Company spending on PR has risen 20%

CHICAGO: Spending by businesses on PR leapt 20% over the past year to reach dollars 4.4 million, according to the annual Harris/Impulse Client Survey, published last Thursday.

CHICAGO: Spending by businesses on PR leapt 20% over the past year to reach dollars 4.4 million, according to the annual Harris/Impulse Client Survey, published last Thursday.

CHICAGO: Spending by businesses on PR leapt 20% over the past year to reach dollars 4.4 million, according to the annual Harris/Impulse Client Survey, published last Thursday.

The report also flagged the 11% increase in investor/financial relations agency activity - the largest rise in type of PR. This is reflected in the rush by agencies to staff up new IR divisions (see Text 100 story, page 3).

Public affairs is also an increasingly popular discipline, with a 7% increase in agency assignments. But media relations remains the technique clients demand the most, with 42% of total PR spend.

Not surprisingly, quality of work continues to be the key criteria by which clients rate their agencies. But Internet capabilities, creativity, results measuring and access to influential people are what clients are seeking more than ever.

New questions in this year's study probed the nature of the client-agency relationship. Thirty percent of clients say they have daily contact with their agency, with 2.5 times a week being the average.

Just 20% say they confine talking to their agencies to once a week.

There was surprisingly good news for multi-national agencies worried about the increasing frequency of client conflict (an issue which emerged last week with the Weber Shandwick merger), with 74% of clients not very concerned, or not concerned at all about the prospect of sharing their agency with a competitor.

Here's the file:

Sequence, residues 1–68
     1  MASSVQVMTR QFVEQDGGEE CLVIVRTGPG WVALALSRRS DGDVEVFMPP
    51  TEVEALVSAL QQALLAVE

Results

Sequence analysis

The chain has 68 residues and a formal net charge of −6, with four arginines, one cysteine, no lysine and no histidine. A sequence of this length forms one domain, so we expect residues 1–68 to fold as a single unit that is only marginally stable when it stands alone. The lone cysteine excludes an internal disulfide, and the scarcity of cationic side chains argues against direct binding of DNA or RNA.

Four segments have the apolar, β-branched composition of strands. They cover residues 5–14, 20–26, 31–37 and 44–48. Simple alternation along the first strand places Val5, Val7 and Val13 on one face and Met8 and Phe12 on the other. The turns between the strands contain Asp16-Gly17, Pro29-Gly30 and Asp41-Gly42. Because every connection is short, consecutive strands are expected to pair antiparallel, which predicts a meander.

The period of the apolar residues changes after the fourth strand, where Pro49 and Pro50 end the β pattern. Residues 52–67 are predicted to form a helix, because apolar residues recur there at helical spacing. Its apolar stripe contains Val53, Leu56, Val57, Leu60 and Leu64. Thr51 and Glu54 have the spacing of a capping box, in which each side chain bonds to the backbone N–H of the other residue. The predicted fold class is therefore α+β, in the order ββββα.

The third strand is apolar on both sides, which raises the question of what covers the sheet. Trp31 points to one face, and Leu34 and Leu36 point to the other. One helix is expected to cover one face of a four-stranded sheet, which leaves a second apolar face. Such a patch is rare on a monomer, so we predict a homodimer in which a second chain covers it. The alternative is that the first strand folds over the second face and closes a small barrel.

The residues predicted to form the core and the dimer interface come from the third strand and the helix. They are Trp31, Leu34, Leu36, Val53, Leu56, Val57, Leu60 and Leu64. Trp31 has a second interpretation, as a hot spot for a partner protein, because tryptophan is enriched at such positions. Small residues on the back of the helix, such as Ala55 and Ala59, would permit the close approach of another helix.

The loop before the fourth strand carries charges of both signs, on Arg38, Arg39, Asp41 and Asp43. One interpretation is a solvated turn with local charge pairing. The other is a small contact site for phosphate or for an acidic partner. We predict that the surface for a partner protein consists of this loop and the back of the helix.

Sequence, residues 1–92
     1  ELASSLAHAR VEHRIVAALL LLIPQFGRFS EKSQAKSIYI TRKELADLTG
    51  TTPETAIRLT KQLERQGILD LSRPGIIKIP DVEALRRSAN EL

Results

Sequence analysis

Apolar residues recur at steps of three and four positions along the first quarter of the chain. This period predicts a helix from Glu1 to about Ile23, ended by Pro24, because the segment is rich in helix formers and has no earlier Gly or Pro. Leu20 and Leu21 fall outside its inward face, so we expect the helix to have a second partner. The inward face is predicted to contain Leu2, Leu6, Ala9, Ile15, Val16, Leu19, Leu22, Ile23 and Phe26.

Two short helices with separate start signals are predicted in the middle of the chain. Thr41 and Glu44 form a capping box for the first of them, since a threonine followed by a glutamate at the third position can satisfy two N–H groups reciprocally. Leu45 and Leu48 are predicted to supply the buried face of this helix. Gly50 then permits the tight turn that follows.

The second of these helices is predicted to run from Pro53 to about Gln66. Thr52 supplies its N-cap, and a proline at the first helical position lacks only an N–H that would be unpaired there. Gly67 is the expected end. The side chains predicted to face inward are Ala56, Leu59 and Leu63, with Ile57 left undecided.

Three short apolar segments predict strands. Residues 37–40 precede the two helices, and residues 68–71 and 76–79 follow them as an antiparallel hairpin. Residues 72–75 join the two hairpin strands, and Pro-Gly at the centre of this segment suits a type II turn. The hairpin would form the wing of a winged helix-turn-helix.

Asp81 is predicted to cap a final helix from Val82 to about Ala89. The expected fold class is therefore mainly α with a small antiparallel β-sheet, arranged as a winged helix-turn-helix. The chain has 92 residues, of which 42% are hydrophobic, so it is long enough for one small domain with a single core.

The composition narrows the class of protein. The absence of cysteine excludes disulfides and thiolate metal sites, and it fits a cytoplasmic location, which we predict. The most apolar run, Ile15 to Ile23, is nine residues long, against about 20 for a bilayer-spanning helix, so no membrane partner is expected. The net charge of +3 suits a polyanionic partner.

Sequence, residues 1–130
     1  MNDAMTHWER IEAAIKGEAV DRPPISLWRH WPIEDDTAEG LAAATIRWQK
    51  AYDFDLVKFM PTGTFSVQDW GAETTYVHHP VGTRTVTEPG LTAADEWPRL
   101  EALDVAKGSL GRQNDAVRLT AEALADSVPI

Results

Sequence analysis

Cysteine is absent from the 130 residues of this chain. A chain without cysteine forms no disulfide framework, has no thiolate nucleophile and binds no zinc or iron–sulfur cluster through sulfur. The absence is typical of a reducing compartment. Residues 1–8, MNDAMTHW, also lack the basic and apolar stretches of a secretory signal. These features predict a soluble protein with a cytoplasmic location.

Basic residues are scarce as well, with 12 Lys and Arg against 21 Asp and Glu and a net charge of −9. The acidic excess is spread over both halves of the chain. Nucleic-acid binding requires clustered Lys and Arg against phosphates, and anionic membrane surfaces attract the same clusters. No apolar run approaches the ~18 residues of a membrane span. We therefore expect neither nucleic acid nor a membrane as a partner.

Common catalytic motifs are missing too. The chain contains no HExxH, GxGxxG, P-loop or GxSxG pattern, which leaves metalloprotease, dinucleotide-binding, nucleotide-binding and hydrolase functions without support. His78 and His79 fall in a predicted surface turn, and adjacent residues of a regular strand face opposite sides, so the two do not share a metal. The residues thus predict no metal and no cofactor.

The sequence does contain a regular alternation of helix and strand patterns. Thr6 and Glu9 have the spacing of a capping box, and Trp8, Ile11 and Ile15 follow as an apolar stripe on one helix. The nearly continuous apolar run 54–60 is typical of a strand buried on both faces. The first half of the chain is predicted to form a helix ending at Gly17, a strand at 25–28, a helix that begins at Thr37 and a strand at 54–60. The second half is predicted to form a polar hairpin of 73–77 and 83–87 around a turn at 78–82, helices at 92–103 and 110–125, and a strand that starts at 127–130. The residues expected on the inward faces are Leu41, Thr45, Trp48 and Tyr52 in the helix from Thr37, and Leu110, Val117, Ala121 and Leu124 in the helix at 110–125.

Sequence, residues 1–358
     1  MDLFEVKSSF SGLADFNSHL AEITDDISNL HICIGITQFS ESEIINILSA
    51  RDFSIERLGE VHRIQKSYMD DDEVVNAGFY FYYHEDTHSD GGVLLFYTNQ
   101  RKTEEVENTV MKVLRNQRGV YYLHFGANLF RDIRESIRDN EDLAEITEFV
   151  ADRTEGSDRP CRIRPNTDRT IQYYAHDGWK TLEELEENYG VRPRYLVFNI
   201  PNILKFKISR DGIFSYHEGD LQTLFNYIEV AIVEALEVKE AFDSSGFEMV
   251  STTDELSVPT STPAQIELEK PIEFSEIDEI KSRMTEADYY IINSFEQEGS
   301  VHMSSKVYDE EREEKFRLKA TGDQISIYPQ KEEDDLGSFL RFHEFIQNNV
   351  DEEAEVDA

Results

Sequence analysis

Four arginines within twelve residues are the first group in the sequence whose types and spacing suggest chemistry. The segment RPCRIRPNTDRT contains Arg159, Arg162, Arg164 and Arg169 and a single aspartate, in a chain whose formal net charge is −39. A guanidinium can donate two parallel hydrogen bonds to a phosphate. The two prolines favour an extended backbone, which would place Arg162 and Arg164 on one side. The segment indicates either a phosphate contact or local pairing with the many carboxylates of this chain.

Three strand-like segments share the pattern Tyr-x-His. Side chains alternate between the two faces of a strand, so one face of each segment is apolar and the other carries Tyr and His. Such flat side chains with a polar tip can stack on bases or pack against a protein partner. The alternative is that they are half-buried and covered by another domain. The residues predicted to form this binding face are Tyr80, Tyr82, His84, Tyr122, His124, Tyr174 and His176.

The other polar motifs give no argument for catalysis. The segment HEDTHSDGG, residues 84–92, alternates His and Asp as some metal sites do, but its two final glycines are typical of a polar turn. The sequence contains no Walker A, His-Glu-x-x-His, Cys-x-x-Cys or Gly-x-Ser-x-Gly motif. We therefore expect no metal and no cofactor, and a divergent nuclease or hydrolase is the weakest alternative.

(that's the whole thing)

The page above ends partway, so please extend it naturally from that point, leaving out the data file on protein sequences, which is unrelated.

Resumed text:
Client loyalty to one partner agency is on the rise - 41% of clients reported having an on-going relationship with one primary firm, a gain of 7% over last year. Just 15% of clients in this year's poll said they used other agencies for project work, a big decline on the 26% that owned up to the practice last year.

More good tidings emerged when clients were questioned about how they use their agencies. It appears that companies regard their agencies as business partners more than ever.

53% said they worked with agencies to design PR programs, with 24% asking their PR firms to proactively formulate campaigns.

It wasn't all sunny news for the agency world, however. Just 11% of clients lauded their agency's cultural diversity, with a lowly 15% describing their shop as 'exciting.'

PERCENT OF WORK ASSIGNED TO PR AGENCIES

                                            2000        1999      % Change

1. Media training                            66%         61%            5%

2. Proactive media relations                 58%         n/a           n/a

3. Graphic design                            58%         52%            4%

4. Primary research                          55%         50%            5%

5. Measurement of results                    51%         46%            5%

6. Consumer marketing                        48%         45%            3%

7. International PR                          46%         45%            1%

8. Secondary research                        44%         42%            2%

9. Response to media inquiries               43%         n/a           n/a

10. Online communications                    42%         31%           11%

Source: Harris/Impulse Client Survey





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